Nuclear Threat Initiative

Hayley Severance and Jacob H. Heckles with NTI’s Global Biological Policy and Programs team explained some of the dangers of this Russian propaganda, focusing on the division and confusion it sows and the potential for this to later allow Russia to be viewed as justified in their invasion and war against Ukraine. Check out the piece, “Russian Propaganda Established a Dangerous, Permissive Environment,” here.

Congressional Research Service

CRS, the public policy research institute of the United States Congress, released a CRS Insight addressing members’ of Congress questions and concerns regarding these laboratories. It discusses the dangers combat operations pose to these facilities and potential courses of action Congress might consider taking as a result of these issues.

CBW Events Ukraine FAQ Page

CBW Events has created a one-stop-shop for all your questions on this issue here. CBW Events is “a project to create a record of events to enable and encourage understanding of how policies on the issues relating to chemical and biological warfare and its prevention are developed.”

Dr. Gregory Koblentz Was Recently Quoted in Numerous Outlets Discussing These Claims

Dr. Koblentz has been working overtime taking interviews to help combat this disinformation. Below are some of the quotes he provided within the last couple of weeks across various news outlets and debunking sites.

Daily Mail– “The 46 US Labs in Ukraine and the $200 Pentagon Program That Sparked a Propaganda War: How Ex-Soviet Facilities Adopted by America That House Pathogens Prompted Kremlin Bioweapons Claims in Putin’s Back Yard”

  • “‘These are all public health and veterinary labs,’ said Gregory Koblentz, director of the Biodefense Graduate Program at George Mason University, according to Poynter. ‘None of them have been involved in biological warfare’.” 

The Washington Post– “A Legacy of ‘Secrecy and Deception’: Why Russia Clings to an Outlawed Chemical Arsenal”

  • “Novichok’s distinctive chemical formula differed from that of other known nerve agents, and because of this, Novichok was initially omitted from the Chemical Weapons Convention’s list of banned substances. Russia could thus continue to tinker with the new weapon without technically violating their treaty obligations, said Gregory Koblentz, a biological and chemical weapons expert and director of the Biodefense Graduate Program at George Mason University’s Schar School of Policy and Government.”
  • ““Russia didn’t just inherit the Soviet chemical weapons arsenal; they also inherited the secrecy and deception that surrounded the program,” Koblentz said.”

Axios Science “Why Allegations of Chemical Weapons Use Are Hard to Investigate”

“What to watch: Gregory Koblentz, director of the Biodefense Graduate Program at George Mason University, says that, rather than use a chemical or biological weapon for an attack in Ukraine, there is a risk “Russia will invent or stage an event, claim it as an atrocity and use it domestically for escalating their commitment to the conflict.”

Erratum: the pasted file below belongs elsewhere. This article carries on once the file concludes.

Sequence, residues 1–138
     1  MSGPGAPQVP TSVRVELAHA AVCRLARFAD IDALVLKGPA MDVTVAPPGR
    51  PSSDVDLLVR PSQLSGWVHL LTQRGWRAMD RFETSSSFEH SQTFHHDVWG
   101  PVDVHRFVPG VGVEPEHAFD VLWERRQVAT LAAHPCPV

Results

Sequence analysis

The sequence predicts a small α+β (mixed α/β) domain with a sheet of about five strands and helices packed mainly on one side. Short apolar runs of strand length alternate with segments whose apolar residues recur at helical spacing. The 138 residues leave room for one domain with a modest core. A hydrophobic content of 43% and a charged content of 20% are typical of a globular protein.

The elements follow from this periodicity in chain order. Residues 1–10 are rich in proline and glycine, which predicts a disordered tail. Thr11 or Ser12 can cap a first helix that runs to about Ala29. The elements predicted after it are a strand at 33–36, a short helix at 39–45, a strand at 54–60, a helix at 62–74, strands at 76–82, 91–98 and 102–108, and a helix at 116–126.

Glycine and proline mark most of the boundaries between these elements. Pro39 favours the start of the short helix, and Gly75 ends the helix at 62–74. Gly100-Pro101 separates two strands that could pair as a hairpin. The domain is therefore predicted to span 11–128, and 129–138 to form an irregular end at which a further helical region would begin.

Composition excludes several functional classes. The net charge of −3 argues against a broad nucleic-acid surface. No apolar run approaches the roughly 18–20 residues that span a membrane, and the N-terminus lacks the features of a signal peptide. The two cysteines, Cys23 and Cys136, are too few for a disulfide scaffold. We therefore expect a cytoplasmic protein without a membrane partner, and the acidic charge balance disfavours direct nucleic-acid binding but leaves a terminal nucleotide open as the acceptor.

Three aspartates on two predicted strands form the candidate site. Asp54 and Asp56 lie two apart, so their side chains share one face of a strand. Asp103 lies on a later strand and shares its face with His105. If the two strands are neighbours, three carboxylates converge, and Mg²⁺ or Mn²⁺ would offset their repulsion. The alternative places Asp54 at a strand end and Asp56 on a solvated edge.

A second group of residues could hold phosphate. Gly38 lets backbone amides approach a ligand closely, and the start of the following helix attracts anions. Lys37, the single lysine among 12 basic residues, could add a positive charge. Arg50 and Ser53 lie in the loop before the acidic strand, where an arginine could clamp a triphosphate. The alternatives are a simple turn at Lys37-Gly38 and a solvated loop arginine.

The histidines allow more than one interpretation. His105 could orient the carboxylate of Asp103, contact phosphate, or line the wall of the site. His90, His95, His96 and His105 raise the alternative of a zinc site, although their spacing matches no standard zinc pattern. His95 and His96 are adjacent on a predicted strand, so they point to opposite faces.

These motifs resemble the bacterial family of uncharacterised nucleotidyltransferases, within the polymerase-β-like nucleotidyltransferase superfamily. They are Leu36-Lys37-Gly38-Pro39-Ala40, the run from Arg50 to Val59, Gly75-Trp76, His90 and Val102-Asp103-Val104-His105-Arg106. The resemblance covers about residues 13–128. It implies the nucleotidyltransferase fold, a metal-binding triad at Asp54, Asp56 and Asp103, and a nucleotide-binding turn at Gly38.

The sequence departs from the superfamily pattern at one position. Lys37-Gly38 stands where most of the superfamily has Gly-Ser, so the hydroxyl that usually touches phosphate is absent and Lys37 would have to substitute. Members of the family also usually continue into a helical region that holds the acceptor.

• “Even if the U.S. and Ukrainians could expose this was staged or a hoax, on some level, the disinformation would be out there, and some would throw up their hands and say they don’t know and are going to sit it out,” he says.
  • Another concern for Koblentz is that unsubstantiated claims that bioweapons are being developed in Ukrainian labs that study and surveil pathogens like Crimean hemorrhagic fever could damage international cooperation on biosecurity and pathogen surveillance among labs around the world.

What’s next: The BCW is scheduled to meet in August to discuss how its mechanisms for resolving concerns about biological weapons compliance could be strengthened.

  • There had been signs over the past few years that parties may be willing to agree to measures that would facilitate verifying whether parties are complying. But “now there is no way it will be a constructive diplomatic event,” Koblentz says. “It’s been sacrificed for geopolitics.””

Bloomberg Quicktake– “Ukraine: Is Russia Planning to Use Weapons of Mass Destruction?”

iNews– “How Russia’s Fake Claims About Ukraine Bioweapons Spread From Telegram Anti-Vaxxers to Fox News”

  • ““It goes back to the 1980s, when the KGB started a rumour that the United States occurred the HIV virus,” said Dr Greg Koblentz, Deputy Director of the Biodefense Graduate Program at George Mason University.”

CNN What Matters– “Russia and Chemical Weapons: What You Need to Know”

  • Dr. Koblentz featured heavily in this article through a long interview discussing many facets of Russian CBW, including the difference between BW and CW, Russia’s obligations under international law, the potential for Russia to use such weapons against Ukraine, and more

Open– “No! Quelli in Ucraina Non Sono Laboratori Militari Per La Guerra Biologica” (Italian: “No! The Labs in Ukraine Are Not Biowarfare Labs”)

  • “Associate professor and director of the Biodefense Graduate Program at Mason University’s Schar School of Policy and Government , Gregory Koblentz, explains to Open why the Russian narrative of biological weapons laboratories in Ukraine could be the first phase of a maneuver aimed at attributing to the A completely invented biological threat was born.”
  • “These laboratories are used to diagnose and conduct research on endemic diseases in Ukraine – explains Koblentz -, they are not designed or intended for use to conduct research on biological weapons. The concern is not whether Russia will take them over and use them to develop biological weapons. Moscow already has three large military microbiology facilities which it uses to conduct research and development on biological weapons. Instead, the concern is that Russia is leaking “evidence” fabricated in those labs and claiming to have uncovered a secret US-Ukraine program to develop biological weapons. Of course, such a statement would be nonsense.”